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Observation by David Davies: Messier 110

Uploaded by

Paul Downing, FRAS


David Davies


2020 Dec 19 - 23:00


2021 Jan 01 - 18:24



Planetarium overlay



Field centre

RA: 00h40m
Dec: +41°37'
Position angle: +0°29'

Field size

0°52' × 0°39'

  • 8-inch Ritchey-Chretien with a 0.7X reducer at 1166mm focal length
  • QSI 683 camera with Astrodon LRGB filters and a Lodestar guide camera

32 x five-minutes luminance and 17 each of five-minutes exposure RGB.


Cambridge, UK

Target name

Messier 110


Messier 110

About this image

For our first Picture of the Week for 2021 we feature this excellent image by David Davies of one of the satellite galaxies of Messier 31. David describes his image as follows; "I think that M110 is a galaxy that many will have observed and imaged since it lingers as a small, pale elliptical blob on the periphery of its giant, close neighbour, the Andromeda galaxy, M31. So if you have observed M31, you can also tick off M110. During November of 2020, I thought it would be interesting to have closer look at M110 to see what it might be revealed.

M110 (NGC 205) was first observed by Charles Messier on 10th August 1773 but it never occurred to him to enter it into his catalogue, although he made a sketch of it and made notes of what he observed. It wasn't until 1966 that Kenneth Glyn Jones suggested that the galaxy should be added to Messier's catalogue as M110.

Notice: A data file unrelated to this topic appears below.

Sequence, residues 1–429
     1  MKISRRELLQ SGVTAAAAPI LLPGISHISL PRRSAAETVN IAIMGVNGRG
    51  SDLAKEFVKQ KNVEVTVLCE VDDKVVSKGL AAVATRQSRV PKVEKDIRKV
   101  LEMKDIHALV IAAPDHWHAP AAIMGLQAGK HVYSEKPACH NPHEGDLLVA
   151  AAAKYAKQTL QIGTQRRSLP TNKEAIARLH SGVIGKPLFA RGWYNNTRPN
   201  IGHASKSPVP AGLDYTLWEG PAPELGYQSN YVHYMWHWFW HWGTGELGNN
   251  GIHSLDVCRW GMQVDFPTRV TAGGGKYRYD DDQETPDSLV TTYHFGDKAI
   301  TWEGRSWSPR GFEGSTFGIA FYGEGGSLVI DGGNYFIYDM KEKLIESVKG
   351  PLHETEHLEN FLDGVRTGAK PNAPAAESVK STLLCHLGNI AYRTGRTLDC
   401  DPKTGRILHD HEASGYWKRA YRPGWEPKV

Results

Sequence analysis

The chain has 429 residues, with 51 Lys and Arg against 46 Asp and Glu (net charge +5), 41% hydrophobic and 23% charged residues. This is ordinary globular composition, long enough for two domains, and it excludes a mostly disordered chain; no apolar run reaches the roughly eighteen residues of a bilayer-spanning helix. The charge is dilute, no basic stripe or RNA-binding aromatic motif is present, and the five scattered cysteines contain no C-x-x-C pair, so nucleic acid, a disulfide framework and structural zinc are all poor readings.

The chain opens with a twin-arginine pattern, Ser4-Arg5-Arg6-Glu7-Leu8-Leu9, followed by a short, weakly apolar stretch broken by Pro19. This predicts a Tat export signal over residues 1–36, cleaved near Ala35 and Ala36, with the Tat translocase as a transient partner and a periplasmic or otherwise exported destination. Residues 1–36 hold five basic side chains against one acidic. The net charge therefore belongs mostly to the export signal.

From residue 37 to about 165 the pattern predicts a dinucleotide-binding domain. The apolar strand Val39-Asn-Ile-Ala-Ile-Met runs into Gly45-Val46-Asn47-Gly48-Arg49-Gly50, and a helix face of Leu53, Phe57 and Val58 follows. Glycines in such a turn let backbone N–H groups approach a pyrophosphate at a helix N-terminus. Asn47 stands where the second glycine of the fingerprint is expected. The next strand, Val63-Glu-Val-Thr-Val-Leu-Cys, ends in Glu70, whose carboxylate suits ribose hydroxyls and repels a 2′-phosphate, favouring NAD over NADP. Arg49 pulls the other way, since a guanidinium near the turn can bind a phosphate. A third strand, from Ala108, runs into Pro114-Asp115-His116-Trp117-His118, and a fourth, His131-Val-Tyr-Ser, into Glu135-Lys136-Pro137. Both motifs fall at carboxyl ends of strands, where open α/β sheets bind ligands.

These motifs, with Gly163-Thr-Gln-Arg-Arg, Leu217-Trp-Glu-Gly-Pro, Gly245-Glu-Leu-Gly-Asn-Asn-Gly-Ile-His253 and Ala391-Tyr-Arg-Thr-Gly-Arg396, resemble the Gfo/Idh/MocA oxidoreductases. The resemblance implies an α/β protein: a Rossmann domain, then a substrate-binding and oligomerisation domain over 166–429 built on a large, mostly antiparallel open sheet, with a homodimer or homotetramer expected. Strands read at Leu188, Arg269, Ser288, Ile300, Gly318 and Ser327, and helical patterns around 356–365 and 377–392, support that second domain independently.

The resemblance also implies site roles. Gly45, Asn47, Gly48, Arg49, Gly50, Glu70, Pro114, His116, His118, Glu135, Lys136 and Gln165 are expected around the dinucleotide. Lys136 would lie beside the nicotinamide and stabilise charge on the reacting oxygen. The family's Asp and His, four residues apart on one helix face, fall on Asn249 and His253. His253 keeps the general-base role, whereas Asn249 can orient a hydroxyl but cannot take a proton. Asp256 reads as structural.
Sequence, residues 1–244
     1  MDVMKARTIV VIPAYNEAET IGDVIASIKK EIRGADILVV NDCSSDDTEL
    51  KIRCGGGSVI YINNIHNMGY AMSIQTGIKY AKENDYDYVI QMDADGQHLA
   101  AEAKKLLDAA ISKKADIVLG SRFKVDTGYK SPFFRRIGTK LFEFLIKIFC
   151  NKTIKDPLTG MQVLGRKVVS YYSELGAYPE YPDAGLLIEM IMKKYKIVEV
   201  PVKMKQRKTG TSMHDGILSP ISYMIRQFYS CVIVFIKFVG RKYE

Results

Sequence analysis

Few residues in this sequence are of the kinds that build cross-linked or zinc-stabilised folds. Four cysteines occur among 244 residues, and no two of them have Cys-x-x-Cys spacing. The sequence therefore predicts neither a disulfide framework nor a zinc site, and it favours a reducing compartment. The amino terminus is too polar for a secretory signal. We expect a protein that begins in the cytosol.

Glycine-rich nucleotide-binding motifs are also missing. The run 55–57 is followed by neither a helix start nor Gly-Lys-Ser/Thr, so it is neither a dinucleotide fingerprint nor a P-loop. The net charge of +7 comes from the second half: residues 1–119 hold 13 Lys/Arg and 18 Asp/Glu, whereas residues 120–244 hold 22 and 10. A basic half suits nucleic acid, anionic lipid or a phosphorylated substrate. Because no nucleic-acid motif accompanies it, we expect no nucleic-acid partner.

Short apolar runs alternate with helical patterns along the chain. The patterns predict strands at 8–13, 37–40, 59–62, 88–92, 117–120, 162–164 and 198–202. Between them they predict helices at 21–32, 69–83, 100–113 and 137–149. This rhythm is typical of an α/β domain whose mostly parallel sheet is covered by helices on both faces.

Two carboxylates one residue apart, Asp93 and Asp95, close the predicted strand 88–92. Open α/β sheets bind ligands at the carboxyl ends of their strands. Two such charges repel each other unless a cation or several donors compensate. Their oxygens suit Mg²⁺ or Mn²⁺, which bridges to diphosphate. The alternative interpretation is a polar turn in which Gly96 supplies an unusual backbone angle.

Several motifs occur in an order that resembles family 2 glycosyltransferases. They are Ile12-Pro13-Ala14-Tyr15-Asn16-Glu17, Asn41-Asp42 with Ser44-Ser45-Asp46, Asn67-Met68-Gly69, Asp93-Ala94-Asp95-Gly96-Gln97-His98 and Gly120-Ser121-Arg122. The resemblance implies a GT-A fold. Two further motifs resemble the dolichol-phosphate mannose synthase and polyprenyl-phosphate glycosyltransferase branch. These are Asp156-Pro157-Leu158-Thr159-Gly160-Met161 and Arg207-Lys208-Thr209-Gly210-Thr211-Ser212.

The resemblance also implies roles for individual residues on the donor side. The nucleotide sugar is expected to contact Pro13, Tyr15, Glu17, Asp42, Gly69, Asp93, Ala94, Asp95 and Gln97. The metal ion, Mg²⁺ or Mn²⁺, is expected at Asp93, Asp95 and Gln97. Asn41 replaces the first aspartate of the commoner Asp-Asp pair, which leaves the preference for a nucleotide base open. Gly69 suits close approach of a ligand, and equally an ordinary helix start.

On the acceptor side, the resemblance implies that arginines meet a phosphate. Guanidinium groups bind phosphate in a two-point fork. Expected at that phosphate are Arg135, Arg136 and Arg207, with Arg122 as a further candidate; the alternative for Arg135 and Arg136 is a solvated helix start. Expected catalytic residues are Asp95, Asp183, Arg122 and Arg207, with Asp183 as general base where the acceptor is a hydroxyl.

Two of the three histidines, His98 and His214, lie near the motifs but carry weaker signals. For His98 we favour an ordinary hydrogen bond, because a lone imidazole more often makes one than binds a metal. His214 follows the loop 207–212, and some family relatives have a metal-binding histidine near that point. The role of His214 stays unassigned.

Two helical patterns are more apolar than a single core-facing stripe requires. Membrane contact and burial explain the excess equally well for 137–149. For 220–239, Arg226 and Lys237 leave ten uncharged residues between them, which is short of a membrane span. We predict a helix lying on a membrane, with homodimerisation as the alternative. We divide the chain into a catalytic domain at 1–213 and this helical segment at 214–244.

M110 is a spheroidal dwarf galaxy which is deformed by tidal interactions with M31. The image shows two dark patches near the centre and there is some suggestion of the tidal stream between M110 and M31. We can also see some of the globular clusters in M110 that I initially mistook to be misshapen stars due to the appearance of what looks like a slightly offset core or a slightly fuzzier stars. I must admit, I have particularly enjoyed the effect of looking over the shoulder of M31 at M110 and have been surprised to see how much detail has been resolved in the part of M31 in the image."
Data were captured with NINA, images calibrated using Deep Sky Stacker and assembled and processed in Pixinsight and Photoshop. Colour calibration with Photometric Colour Calibration in Pixinsight.
Files associated with this observation
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Martin Lewis
Martin Lewis, 2021 Jan 06 - 16:00 UTC

Beautifully taken and processed image David. Well done.


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